The Use of the Exfoliated Graphite for the Removal of the Aqueous Naphthenic Acids

Ahmed Moustafa, Seoktae Kang, and Mohamed Gamal El-Din


Naphthenic Acids (NAs), Exfoliated graphite, Oil Sand Process-affected waters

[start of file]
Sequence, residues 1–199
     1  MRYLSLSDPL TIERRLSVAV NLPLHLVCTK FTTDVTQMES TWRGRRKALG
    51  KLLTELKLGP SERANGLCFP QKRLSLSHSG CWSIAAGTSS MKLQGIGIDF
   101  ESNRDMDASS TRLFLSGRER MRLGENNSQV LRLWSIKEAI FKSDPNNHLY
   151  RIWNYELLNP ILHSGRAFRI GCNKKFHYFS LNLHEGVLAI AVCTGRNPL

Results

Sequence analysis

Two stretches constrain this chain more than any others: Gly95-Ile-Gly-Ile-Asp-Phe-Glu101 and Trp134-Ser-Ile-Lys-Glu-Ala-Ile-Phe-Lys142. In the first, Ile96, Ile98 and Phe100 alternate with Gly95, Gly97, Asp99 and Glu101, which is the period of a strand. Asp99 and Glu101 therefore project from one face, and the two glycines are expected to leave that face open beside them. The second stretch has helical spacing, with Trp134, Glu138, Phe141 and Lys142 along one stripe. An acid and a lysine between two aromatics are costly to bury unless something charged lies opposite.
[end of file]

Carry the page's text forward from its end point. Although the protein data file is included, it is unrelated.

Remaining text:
NAs are the primary toxic compounds in the Oil Sand Process-affected Waters (OSPW) (MacKinnon and Retallack 1981). They are water soluble hydrocarbons at high pH values and responsible for the acidic content of bitumen. NAs removal using the exfoliated graphite (EG) is a promising remediation tool, especially that a reported (130g/g) of hydrocarbons are effectively removed from water using the EG. The purpose of the current research is to study the removal efficiency of the NAs using different samples of EG. Those EG samples were prepared at different exfoliation temperatures and then characterized using the Scanning Electron Microscopy (SEM) and X-ray Diffraction (XRD). The isotherm experiments took place to assess the adsorption capacity of the EGs and the quantifications of aqueous NAs were obtained by the FT-IR spectroscopy before and after the adsorption (Jivraj et al., 1995). However the lower expansion volume and surface area of the EG sample fabricated at 500 ÂșC (EG-500) than that of the EG-800, higher removal efficiency was observed for EG-500. The pH values of solutions were measured before and after adsorption and lower pH was detected for the sample contained EG-500. Samples were investigated using the electron dispersive spectroscopy (EDS) and the results showed that the EG-500 contained higher residual sulphur. This acidic content decreases the solubility of the NAs and facilitates the adsorption for the EG-500. Accordingly a pH buffer was used in the following experiments and the results showed higher removal efficiency for EG-800. The maximum removal efficiency reached was almost 70% of the total NAs in solutions.

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